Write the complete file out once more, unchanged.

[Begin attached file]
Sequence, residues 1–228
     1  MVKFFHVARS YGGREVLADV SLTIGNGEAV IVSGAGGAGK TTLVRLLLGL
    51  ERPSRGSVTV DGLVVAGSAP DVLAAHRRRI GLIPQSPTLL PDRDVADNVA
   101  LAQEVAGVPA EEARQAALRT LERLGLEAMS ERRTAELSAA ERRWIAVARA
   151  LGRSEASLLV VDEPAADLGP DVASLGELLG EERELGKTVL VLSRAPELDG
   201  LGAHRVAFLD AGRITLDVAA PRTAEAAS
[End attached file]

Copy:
Sequence, residues 1–228
     1  MVKFFHVARS YGGREVLADV SLTIGNGEAV IVSGAGGAGK TTLVRLLLGL
    51  ERPSRGSVTV DGLVVAGSAP DVLAAHRRRI GLIPQSPTLL PDRDVADNVA
   101  LAQEVAGVPA EEARQAALRT LERLGLEAMS ERRTAELSAA ERRWIAVARA
   151  LGRSEASLLV VDEPAADLGP DVASLGELLG EERELGKTVL VLSRAPELDG
   201  LGAHRVAFLD AGRITLDVAA PRTAEAAS